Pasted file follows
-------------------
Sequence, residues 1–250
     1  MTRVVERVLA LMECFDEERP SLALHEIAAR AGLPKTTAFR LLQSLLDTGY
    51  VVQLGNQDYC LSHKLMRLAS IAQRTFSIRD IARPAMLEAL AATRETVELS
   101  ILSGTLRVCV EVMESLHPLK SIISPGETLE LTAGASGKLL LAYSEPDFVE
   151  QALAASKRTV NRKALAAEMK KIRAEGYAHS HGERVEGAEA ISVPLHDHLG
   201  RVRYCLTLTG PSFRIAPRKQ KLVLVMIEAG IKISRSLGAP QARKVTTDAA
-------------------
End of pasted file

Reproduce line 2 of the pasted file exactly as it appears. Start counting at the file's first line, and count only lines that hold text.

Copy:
     1  MTRVVERVLA LMECFDEERP SLALHEIAAR AGLPKTTAFR LLQSLLDTGY